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People came from all over Afghanistan to compete in Kabul's competition show Afghan Star, but it looks like the apocalypse made it there first. In Havana Marking's striking documentary of the same name, the city of Kabul is nothing but bombed-out rubble and a few run-down buildings, occupied by a worried people clinging to a fragile society.
With this backdrop, Marking could easily have made the film about miserable people, but instead, it's about a happy people constantly put down, like a nation of Cubs fans. "When we do not have war in Afghanistan, we have earthquake," mutters one of the show's contestants after a tremor ruins a shot.
American Christians frequently deplore the liberalizing effect of a vapid media on society, but in Afghan society, which actually (and desperately) needs to be liberalized, a silly weekly contest program can have huge and wonderful consequences.
The most incredible of these comes when a young woman, upset over losing, takes off her hijab during a live broadcast in defiance. There are the expected death threats, of course, but there's also the wonderful sight of women at the final show, sitting in the audience with huge smiles on their faces and lovely, uncovered hair down to their shoulders.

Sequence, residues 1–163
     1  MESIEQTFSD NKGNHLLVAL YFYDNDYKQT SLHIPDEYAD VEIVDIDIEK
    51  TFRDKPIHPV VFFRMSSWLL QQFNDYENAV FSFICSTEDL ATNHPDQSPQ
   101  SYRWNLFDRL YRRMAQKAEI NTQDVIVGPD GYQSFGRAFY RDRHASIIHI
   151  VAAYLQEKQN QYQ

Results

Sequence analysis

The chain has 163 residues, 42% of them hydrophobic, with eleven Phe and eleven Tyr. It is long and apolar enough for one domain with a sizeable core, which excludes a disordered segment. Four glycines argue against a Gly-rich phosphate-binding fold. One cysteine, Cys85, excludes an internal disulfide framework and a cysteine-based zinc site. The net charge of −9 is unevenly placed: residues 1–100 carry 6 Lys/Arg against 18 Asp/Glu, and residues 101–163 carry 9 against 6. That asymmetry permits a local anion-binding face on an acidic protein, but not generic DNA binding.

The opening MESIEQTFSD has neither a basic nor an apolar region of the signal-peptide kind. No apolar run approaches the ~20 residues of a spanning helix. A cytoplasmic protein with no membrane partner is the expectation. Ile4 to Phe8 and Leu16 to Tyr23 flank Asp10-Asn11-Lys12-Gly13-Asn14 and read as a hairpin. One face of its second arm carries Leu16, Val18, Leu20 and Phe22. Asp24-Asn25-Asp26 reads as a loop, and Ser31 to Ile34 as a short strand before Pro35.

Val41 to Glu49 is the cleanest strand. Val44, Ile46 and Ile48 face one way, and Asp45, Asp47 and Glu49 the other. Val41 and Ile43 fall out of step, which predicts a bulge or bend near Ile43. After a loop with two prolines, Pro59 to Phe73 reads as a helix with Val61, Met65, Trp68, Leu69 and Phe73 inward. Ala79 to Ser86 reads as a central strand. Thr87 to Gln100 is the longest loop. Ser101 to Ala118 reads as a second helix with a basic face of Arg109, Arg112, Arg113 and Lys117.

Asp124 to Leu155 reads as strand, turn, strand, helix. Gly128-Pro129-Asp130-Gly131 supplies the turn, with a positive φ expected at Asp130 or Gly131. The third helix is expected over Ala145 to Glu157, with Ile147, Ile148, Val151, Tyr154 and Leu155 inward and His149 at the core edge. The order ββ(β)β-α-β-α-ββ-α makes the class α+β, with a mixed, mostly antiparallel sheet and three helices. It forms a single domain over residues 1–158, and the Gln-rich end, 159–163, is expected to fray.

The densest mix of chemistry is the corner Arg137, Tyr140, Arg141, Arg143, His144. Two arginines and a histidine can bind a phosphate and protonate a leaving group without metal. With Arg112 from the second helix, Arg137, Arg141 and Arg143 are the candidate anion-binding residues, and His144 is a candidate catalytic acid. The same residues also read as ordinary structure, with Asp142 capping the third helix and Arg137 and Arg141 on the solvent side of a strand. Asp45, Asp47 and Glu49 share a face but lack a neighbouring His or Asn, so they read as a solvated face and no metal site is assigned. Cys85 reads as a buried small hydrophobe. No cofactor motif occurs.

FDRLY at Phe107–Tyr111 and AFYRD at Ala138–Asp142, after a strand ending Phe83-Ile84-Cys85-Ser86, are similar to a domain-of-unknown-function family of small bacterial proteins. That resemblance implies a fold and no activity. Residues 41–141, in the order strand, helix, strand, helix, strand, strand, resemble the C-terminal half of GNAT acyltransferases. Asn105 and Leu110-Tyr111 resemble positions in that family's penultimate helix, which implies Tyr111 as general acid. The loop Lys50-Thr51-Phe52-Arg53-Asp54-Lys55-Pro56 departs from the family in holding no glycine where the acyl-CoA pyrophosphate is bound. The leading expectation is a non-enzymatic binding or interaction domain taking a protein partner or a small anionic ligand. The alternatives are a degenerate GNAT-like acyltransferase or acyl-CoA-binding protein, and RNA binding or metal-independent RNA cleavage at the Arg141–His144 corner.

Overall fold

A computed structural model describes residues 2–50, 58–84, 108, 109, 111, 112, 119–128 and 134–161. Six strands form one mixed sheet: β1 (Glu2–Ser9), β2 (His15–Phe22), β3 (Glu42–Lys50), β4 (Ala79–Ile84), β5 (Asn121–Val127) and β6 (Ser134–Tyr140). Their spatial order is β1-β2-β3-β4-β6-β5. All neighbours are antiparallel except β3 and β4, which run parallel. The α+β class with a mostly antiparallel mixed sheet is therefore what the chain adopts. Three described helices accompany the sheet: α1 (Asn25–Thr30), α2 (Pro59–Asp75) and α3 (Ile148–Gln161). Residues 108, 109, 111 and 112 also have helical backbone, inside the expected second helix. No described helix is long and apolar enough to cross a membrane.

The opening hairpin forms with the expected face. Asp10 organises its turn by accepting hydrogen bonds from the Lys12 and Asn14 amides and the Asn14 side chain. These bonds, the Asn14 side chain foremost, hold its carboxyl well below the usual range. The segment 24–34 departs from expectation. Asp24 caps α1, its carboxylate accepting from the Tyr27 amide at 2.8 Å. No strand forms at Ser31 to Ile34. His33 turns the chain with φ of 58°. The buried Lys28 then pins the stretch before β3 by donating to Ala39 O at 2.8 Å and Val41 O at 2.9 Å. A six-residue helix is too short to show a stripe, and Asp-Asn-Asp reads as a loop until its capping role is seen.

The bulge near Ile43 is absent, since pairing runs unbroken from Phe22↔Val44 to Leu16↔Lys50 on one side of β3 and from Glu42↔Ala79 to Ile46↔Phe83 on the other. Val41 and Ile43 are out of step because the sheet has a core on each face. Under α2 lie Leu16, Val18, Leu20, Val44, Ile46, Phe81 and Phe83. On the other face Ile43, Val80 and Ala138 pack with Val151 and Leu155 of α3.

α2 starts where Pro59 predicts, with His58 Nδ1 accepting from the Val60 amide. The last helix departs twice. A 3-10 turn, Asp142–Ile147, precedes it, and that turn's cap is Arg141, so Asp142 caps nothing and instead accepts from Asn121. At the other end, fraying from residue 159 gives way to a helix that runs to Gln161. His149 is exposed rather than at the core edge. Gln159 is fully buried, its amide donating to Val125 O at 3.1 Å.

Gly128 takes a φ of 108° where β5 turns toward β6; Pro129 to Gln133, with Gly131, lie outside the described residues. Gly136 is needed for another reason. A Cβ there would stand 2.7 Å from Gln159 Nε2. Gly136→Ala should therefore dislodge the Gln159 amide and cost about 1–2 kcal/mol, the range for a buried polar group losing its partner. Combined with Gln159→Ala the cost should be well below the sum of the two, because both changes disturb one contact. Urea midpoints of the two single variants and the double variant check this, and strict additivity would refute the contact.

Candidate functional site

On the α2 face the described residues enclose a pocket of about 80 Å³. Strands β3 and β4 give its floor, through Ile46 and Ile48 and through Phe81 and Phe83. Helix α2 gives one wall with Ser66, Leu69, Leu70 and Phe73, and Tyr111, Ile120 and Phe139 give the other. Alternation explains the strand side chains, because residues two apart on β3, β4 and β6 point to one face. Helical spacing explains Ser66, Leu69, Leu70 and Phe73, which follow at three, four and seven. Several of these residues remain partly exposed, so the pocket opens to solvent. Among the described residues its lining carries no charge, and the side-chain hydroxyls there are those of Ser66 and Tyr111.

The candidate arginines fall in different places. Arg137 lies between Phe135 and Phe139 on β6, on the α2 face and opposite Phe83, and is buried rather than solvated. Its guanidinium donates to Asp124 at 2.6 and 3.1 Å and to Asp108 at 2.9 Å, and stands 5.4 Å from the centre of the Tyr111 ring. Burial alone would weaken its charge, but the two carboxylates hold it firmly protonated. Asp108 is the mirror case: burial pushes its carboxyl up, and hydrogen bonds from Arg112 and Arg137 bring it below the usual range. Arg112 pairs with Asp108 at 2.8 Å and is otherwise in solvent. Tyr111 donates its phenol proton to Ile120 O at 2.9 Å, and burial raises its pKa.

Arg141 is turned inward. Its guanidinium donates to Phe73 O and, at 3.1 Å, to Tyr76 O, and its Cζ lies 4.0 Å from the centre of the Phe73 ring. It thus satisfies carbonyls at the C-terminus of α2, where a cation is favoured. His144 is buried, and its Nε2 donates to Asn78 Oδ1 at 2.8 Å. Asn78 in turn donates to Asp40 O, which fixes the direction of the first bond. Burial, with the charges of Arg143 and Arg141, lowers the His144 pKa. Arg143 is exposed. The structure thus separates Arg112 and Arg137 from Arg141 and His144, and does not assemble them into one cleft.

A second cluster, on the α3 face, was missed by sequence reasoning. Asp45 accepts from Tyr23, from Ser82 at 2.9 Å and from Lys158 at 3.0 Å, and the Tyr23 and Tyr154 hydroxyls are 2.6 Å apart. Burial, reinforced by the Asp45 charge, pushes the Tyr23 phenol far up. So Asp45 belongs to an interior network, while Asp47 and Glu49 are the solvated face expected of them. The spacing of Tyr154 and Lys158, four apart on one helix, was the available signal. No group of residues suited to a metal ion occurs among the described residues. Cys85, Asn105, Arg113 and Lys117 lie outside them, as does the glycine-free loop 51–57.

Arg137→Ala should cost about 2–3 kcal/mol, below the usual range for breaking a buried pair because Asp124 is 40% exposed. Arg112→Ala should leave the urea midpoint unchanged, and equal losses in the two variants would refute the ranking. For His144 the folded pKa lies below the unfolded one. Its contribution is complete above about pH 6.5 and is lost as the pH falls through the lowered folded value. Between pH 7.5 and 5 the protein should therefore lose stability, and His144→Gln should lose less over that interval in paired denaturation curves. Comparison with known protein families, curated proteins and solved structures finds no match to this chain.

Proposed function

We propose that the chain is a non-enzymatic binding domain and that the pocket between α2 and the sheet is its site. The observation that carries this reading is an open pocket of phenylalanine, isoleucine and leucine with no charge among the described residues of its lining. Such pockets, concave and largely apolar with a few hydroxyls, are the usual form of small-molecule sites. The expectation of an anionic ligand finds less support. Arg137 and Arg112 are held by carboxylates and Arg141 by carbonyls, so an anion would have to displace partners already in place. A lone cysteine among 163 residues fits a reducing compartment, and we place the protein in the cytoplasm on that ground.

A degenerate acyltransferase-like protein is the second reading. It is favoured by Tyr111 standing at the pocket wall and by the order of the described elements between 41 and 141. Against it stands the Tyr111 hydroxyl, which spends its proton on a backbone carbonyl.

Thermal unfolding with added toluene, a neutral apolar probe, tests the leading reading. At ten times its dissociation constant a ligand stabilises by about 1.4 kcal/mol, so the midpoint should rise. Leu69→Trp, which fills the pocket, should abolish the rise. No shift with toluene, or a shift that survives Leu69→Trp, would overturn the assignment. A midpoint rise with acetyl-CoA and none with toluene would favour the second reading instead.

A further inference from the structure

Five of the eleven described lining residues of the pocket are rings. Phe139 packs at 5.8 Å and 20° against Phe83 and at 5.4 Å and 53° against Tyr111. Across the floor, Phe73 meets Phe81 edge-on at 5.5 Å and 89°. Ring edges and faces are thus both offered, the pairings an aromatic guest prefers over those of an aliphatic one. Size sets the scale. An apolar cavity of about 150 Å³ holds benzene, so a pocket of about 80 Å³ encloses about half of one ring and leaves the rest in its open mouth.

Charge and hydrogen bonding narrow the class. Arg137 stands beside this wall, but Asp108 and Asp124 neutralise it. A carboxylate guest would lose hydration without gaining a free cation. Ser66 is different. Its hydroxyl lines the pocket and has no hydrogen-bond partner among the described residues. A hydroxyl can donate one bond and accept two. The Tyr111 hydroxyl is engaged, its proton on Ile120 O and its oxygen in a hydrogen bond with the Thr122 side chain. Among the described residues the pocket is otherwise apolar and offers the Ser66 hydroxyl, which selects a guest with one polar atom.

It's worth remembering that the country, thrown into darkness by the Taliban, was not always a miserable place to live. Old footage from 1980s Kabul reveals a place as vital and vibrant as any American city, with a music scene and a fashionable youth culture.
Now, the place looks like a bad let-the-kids-dance sci-fi movie from that decade, where children are terrified of helicopters and-no kidding-music was outlawed until very recently. Marking's movie simultaneously exposes radical Islam as a real, tangible evil-one that excuses any kind of violence or cruelty, so long as it is directed at women-and allows for an equally real ray of hope: that, with the Taliban driven out of Kabul, these people may sing their way to freedom.